Akamai Does Not Violate Network Neutrality

from the end-to-end-vs-end-to-middle dept

Many supporters of AT&T's plans to double dip in internet charges by ending neutrality claim that the internet has never been neutral, and point to systems like Akamai as an example of this. However, as we've explained in the past, this is simply untrue. It's purposely stretching the definition of network neutrality to make a point that isn't supported by the facts. Services like Akamai help make the internet faster for everyone. It doesn't discriminate. It holds to the "end-to-end" principle that a connection you buy to the internet entitles you to reach any content across that entire network. That's not what AT&T is looking to do. It's claiming that you really only have access to the cloud in the middle, and someone needs to pay for the second half of that connection from the middle out to the server you're accessing.

Tim Lee (who, like me, does not support net neutrality legislation) has ripped apart a paper that claims that Akamai is an example of why the internet is not neutral. Lee notes that the author of the paper doesn't even seem to understand how Akamai works, and provides a nice (more technology focused) explanation for why content caching systems have little to do with the network neutrality discussion: "A network is neutral if it faithfully transmits information from one end of the network to the other and doesn't discriminate among packets based on their contents. Neutrality is, in other words, about the behavior of the routers that move packets around the network. It has nothing to do with the behavior of servers at the edges of the network because they don't route anyone's packets."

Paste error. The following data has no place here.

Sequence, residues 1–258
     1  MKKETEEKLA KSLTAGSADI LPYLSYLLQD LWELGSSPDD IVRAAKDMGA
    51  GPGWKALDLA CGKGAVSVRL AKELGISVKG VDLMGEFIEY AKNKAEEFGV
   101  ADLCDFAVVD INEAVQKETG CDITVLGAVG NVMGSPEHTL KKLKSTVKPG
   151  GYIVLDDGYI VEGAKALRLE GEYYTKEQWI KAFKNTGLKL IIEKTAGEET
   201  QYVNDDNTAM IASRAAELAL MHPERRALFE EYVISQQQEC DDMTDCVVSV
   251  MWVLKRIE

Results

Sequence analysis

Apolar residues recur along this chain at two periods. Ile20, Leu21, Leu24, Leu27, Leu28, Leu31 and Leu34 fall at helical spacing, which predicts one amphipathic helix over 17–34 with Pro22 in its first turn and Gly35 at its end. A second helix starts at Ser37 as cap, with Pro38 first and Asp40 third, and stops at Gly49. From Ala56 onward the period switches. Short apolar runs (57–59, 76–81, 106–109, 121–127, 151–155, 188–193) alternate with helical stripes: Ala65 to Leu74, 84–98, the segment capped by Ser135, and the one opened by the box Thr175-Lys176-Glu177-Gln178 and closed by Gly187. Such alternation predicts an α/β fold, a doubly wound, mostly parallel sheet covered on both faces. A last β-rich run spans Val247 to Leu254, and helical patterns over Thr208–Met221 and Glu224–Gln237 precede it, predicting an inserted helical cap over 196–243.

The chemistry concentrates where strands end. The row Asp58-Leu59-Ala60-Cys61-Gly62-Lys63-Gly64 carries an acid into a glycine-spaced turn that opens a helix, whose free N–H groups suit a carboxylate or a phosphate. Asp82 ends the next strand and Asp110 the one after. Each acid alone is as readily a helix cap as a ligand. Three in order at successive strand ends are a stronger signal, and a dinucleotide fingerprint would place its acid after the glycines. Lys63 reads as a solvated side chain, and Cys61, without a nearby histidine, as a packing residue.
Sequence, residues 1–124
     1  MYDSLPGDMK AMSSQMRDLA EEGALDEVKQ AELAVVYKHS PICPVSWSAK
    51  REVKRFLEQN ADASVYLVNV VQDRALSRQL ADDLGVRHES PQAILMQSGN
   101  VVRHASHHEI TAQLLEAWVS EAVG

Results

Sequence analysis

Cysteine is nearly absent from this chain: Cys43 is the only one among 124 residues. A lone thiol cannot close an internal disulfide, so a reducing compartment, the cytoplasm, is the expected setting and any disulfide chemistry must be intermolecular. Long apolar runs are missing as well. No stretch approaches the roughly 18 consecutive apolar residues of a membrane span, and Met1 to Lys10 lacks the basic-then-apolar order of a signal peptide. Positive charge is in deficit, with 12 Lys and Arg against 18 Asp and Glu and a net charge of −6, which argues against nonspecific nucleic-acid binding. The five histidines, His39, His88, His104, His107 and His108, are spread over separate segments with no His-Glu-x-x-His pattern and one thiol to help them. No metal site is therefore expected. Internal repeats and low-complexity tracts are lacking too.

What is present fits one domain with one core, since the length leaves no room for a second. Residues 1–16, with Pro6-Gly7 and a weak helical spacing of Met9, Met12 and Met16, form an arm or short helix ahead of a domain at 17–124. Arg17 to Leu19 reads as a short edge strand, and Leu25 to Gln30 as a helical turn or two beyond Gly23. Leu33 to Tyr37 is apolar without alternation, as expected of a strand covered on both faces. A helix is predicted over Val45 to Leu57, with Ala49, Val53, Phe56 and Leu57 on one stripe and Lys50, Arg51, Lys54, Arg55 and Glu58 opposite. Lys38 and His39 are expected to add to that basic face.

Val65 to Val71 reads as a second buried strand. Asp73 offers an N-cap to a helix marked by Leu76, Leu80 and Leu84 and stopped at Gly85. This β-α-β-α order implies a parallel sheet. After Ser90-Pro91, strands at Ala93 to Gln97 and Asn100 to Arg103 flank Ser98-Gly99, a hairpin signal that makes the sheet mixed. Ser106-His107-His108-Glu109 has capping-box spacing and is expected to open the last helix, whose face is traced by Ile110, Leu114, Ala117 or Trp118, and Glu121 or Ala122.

Filed Under: cdn, end to end, net neutrality
Companies: akamai


Reader Comments

Subscribe: RSS

View by: Time | Thread


  1. identicon
    Overcast, 18 Jan 2008 @ 7:42am

    I don't use Akamai... I found a nice little host file that blocks them along with doubleclick.net.

    Along with that, I use FireFox and the NoScript Add-on. It's amazing how many sites GoogleSyndication, Akamai, and some others are trying to run scripts from. I don't allow them - sorry, tough... it's my PC.

    I truly love NoScript for FireFox - unless I specifically tell it to - it refuses to run any script.

    Akamai never sat right with me, all too many times, I'd run a 'Netstat -A' and see them connected to my machine, even if all browser windows were closed. A bit of googling and I managed to find a host file that pretty much re-directed most of their known servers, along with a host of others to 127.0.0.1

    And you know - you'd be amazed how well everything still works. It could be said it makes things work faster - but I can go from page to page lightning fast without all those scripts running.

    And that's network neutrality - me choosing who can and cannot connect to my machine :P

Add Your Comment

Have a Techdirt Account? Sign in now. Want one? Register here



Subscribe to the Techdirt Daily newsletter




Comment Options:

  • Use markdown. Use plain text.
  • Remember name/email/url (set a cookie)

Follow Techdirt
Techdirt Gear
Shop Now: Copying Is Not Theft
Advertisement
Report this ad  |  Hide Techdirt ads
Essential Reading
Techdirt Deals
Report this ad  |  Hide Techdirt ads
Techdirt Insider Chat
Advertisement
Report this ad  |  Hide Techdirt ads
Recent Stories
Advertisement
Report this ad  |  Hide Techdirt ads

Close

Email This

This feature is only available to registered users. Register or sign in to use it.